Osvaldo Salas began his studies at a young age at the San Alejandro Academy which he left to take his family to the United States. He became member of the Imwood Camera and photography club in New York in 1947 where he began by shooting baptisms and weddings and ultimately opened a studio in Madison Square Garden. By the 1950s he was an established photographer having photographed the likes of Dali, Joe Di Maggio and Rocky Marciano. In 1955 he met Fidel Castro and returned to Cuba in 59 to follow Fidel in his trips and document the Revolution as photojournalist for the periodicals Gramma and RevoluciÃ³n publications. In this facet he found himself drawn to images of the landscape of the revolution and portraits of its important figures. His portraits capture in an instant the depth of the personality of his models as he brings them to life.
Roberto Salas started working in photography at fifteen, following in the footsteps of his famous father, Osvaldo Salas. He initially worked as a photojournalist in New York and returned to Cuba at the age of 19 to, in his words, make photography, before I only took pictures. In the early 60s, he worked on the Cuban Epic Photos, the images published in the Cuban newspapers following the steps of the revolution. He even set up camp in the national palace to capture Fidel and Che at work in their first steps. He had his first personal show in 1963, Tumba, BembÃ©, BatÃ¡ and since then has had over 50 personal shows in Cuba and abroad including the United States, Latin America, Mongolia, Vietnam and Cambodia. His recent work focuses on the human body and he chooses to work with black models to step out of the typically white focus in black and white portraiture to capture the Caribbean essence.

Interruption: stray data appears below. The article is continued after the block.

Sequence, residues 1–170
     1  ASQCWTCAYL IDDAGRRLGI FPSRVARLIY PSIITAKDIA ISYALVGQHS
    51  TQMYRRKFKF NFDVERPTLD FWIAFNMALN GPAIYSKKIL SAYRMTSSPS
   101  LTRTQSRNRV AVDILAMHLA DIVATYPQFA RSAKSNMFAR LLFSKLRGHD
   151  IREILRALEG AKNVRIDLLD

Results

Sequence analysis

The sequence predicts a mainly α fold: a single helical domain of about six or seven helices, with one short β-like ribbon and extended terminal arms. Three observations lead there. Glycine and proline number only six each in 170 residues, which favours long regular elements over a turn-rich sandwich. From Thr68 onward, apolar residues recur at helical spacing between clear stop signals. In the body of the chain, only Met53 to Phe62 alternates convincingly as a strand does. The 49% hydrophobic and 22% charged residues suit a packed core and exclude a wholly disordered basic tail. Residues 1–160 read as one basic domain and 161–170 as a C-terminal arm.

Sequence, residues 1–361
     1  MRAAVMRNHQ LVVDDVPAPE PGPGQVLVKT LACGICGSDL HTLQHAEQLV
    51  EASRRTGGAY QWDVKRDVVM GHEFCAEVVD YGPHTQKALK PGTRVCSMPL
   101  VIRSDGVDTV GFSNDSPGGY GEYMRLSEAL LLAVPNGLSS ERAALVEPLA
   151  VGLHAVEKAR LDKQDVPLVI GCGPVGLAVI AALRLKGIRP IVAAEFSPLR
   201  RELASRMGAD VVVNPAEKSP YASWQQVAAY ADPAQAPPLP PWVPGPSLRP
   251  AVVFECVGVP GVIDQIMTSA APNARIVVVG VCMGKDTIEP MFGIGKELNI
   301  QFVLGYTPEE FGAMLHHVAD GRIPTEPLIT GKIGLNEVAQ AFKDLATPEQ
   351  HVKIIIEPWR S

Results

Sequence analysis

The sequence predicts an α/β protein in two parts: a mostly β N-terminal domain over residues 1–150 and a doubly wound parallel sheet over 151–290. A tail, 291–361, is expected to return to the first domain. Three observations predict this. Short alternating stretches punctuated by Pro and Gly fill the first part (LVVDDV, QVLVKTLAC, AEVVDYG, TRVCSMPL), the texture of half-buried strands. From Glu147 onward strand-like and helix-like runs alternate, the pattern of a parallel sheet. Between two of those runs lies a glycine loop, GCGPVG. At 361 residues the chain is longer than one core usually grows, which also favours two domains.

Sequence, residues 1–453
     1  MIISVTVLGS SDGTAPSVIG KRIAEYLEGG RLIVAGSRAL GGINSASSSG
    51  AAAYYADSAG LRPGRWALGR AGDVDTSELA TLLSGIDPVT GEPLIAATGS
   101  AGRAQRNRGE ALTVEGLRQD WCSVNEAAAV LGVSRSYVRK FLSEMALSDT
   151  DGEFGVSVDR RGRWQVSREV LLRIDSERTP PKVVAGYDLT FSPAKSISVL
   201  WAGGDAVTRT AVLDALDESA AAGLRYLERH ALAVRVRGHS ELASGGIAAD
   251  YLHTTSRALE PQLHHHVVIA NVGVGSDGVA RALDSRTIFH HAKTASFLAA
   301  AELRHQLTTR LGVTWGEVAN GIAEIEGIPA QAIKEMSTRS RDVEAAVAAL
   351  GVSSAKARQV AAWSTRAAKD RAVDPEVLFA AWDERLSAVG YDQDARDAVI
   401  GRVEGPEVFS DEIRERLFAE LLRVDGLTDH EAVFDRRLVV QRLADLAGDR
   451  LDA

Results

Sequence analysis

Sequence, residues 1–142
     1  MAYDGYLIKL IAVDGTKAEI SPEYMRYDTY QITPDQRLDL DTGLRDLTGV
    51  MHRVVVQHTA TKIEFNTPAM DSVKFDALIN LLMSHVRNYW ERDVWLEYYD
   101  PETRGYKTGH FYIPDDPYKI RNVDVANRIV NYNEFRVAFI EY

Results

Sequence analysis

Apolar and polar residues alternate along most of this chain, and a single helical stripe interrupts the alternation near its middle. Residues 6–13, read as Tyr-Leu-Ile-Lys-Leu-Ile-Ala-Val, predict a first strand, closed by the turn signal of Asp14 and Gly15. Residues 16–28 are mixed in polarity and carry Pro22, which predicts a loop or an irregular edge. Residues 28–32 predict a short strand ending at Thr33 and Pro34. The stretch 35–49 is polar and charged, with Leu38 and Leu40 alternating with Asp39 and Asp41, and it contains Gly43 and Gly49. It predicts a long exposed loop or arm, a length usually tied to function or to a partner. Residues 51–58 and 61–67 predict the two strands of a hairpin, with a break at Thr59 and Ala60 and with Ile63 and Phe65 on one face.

Born in Havana, Marta Maria and her husband, also a well-known contemporary Cuban painter, currently reside in Monterrey, Mexico. She was granted artist residency in Oregon, Maine and Ohio. She has had several personal shows in many European countries, South America and the U.S. and her work can be found in many public permanent collections. Photographs Do Not Bend in Dallas hosted a show of her work in 1997. She is the most important and internationally recognized contemporary Cuban photographer. The subject matter of her work always includes parts of her body and reflects emotional and psychological aspects of the artist.
Jose Manuel Fors was born in Havana and graduated from the San Alejandro Academy of Art. He is part of the 1980s generation of artists who rediscovered photography as a means of aesthetic expression beyond the photojournalism of the previous periods. His work focuses on photo mosaics with a repetitive theme focused primarily on elements from nature. His subject matter incorporates human elements, concepts of memory, and the way that our environment affects us culturally. He has had personal exhibitions in Cuba, Europe, the U.S. and Japan since 1991.